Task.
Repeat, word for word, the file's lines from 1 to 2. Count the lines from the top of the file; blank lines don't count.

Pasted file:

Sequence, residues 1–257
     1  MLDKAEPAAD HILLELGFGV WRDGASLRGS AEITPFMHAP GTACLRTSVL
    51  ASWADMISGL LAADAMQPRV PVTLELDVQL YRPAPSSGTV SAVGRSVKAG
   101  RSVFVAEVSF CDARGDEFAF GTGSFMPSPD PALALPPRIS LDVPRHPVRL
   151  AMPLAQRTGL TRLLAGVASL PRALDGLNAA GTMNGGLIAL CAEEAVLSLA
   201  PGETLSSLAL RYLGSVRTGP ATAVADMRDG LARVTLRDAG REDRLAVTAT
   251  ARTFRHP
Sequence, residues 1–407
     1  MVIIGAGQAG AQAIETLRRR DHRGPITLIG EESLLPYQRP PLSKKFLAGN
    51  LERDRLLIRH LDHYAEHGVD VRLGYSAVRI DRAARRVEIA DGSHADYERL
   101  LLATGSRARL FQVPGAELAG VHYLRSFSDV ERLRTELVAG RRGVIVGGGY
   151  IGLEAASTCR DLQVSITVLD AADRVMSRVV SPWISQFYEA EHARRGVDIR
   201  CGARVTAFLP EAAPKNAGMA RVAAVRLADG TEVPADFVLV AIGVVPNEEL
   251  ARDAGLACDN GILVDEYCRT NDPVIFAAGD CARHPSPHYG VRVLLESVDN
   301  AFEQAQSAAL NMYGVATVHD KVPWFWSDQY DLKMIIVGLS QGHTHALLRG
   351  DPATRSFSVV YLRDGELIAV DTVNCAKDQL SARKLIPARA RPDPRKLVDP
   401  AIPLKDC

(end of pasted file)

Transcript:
Sequence, residues 1–257
     1  MLDKAEPAAD HILLELGFGV WRDGASLRGS AEITPFMHAP GTACLRTSVL